Covid vs. Democracy: How pandemic impacts the West


The pandemic has had two dramatic effects in the West, reports suggest:

  • It has spotlighted shortcomings in Western democracies, where death rates have been far higher than in many Asian countries.
  • And the prospect of unprecedented government spending to get Western economies back on their feet has sparked intense debate over future priorities: over how all that money should be spent.

“The Wake-Up Call” by John Micklethwait, former editor of The Economist newsmagazine, and its current political editor, Adrian Wooldridge, emphasizes elements they see as essential not just to making democratic government work, but to rebuilding a relationship of trust between government and the governed, CSM adds. German Chancellor Angela Merkel “has always known that government matters,” they point out. “Brought up in East Germany, she knows what tyranny means. Trained as a scientist, she knows how to evaluate evidence. … This is a serious woman who is doing serious work.”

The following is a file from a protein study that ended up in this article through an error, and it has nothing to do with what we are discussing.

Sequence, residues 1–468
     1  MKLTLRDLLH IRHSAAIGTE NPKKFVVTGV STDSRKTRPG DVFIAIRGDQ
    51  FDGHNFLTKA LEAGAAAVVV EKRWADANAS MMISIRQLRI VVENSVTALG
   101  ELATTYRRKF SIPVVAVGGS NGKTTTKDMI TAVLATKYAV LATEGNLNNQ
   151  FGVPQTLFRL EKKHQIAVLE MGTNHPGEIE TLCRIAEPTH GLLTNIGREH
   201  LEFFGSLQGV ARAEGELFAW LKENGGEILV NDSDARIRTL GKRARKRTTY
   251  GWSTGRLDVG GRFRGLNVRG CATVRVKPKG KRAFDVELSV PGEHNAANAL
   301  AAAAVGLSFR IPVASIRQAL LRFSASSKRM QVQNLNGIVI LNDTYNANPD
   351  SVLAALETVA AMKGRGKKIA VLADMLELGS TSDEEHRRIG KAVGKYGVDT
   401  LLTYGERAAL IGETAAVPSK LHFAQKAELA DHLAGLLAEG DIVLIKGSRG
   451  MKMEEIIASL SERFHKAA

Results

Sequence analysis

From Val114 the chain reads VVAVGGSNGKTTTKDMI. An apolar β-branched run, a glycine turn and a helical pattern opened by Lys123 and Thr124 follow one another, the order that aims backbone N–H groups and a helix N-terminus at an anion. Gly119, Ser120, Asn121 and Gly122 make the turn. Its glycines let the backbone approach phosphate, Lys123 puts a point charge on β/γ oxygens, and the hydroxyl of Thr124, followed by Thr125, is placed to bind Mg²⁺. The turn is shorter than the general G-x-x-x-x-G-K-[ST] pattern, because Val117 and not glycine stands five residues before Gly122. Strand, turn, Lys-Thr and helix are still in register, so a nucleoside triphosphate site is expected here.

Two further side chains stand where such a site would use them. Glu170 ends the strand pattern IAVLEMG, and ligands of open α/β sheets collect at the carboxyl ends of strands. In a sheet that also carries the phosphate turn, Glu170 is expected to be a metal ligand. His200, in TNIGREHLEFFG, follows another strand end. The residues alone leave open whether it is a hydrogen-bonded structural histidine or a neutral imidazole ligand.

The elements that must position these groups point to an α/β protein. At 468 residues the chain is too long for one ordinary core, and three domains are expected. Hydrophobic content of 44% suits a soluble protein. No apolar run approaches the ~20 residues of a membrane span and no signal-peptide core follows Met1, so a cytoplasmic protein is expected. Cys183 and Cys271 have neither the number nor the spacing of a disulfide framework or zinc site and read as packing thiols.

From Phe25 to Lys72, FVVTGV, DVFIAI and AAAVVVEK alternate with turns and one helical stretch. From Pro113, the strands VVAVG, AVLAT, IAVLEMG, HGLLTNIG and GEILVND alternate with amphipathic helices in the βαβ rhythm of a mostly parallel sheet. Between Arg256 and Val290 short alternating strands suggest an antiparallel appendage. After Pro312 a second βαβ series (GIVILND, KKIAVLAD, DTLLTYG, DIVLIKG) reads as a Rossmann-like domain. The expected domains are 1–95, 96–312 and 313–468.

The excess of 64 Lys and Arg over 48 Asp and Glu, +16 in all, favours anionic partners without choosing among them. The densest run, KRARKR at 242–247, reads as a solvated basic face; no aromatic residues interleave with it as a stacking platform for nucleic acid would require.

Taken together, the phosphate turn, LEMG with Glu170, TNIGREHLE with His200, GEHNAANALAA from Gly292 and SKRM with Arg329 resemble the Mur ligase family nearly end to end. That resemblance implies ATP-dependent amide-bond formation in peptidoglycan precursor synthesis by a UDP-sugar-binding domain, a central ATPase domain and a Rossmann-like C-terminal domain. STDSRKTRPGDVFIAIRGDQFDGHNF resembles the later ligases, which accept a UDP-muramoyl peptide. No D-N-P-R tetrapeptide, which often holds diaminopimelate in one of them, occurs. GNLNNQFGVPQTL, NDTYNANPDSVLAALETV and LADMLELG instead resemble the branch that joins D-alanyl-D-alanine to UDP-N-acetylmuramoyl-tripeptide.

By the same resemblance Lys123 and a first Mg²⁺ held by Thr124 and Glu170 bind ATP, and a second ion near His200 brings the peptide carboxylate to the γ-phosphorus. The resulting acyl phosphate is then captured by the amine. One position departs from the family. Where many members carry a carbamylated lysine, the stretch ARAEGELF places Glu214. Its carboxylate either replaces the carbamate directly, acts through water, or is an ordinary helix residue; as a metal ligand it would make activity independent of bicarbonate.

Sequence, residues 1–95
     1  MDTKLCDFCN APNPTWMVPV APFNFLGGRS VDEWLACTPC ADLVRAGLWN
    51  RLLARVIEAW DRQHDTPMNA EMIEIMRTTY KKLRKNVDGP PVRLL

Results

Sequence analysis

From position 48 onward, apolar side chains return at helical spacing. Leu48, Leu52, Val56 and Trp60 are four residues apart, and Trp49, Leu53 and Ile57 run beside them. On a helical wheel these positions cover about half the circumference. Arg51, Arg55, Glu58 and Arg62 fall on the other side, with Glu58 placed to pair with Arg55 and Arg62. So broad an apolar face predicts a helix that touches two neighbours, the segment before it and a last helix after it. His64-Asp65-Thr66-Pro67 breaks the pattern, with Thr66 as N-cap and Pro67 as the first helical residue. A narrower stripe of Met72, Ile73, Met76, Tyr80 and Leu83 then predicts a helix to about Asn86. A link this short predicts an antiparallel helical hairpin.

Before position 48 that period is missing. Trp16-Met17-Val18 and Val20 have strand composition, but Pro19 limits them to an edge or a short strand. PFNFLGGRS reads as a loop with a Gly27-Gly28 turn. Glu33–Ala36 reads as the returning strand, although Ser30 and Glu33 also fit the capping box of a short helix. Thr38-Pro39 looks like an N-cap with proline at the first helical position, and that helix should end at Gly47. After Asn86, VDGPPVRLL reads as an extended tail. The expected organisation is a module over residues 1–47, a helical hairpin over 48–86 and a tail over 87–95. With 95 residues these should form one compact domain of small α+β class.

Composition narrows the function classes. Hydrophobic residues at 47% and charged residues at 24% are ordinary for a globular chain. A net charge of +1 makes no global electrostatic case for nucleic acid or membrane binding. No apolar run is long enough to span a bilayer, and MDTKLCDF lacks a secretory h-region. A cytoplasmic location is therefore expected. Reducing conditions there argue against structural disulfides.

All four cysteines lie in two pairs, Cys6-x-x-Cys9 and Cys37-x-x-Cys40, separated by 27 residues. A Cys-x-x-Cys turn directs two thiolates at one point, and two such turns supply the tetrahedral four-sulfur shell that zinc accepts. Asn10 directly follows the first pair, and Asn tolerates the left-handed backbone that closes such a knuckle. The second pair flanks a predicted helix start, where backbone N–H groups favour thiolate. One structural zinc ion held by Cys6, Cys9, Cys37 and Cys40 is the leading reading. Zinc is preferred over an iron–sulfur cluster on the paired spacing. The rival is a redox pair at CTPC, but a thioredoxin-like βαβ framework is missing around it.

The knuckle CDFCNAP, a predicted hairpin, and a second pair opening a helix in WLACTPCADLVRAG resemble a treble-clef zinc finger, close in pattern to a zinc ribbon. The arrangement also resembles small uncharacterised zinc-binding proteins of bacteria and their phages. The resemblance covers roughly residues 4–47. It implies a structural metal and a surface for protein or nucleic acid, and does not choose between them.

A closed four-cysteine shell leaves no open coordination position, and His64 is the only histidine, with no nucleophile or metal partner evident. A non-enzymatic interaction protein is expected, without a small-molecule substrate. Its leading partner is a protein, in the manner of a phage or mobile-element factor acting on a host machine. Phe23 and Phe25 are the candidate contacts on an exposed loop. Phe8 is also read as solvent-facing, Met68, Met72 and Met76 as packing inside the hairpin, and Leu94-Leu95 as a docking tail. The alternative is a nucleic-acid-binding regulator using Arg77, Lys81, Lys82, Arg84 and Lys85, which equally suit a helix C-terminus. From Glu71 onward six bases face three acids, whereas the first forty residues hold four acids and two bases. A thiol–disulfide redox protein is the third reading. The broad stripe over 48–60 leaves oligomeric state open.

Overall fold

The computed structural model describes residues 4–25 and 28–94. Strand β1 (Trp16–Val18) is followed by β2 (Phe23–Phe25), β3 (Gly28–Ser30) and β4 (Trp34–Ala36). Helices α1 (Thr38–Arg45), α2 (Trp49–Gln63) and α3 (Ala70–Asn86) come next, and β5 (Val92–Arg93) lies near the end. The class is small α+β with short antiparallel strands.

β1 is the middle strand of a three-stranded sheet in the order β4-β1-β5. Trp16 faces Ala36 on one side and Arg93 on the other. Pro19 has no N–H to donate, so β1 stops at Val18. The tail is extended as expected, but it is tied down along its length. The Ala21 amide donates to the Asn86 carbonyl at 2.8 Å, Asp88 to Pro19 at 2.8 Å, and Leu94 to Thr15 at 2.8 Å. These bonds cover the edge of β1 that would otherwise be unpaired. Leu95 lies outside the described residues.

The Journal of Democracy‘s just-released October 2020 issue features a set of articles gauging the #COVID19 pandemic’s political impact across three emerging democracies:

  • India’s covid-19 response has accelerated the country’s slide toward competitive authoritarian rule by centralizing decision making, undermining federalism, and providing new pretexts for stifling dissent, Rahul Mukherji writes in India’s Illiberal Remedy.
  • By highlighting the deficiencies of authoritarian-populist president Jair Bolsonaro’s rule, the covid-19 pandemic is likely to leave Brazil’s democracy intact but even more brittle, Amy Erica Smith observes in Brazil’s Populist Playbook.
  • South Africa’s government sought to heed expert advice with its covid lockdown, yet shortcomings in state capacity fatally undermined both the virus response and efforts to address its devastating economic toll, Nicoli Nattrass and Jeremy Seekings assert in South Africa’s Lockdown Misfire.

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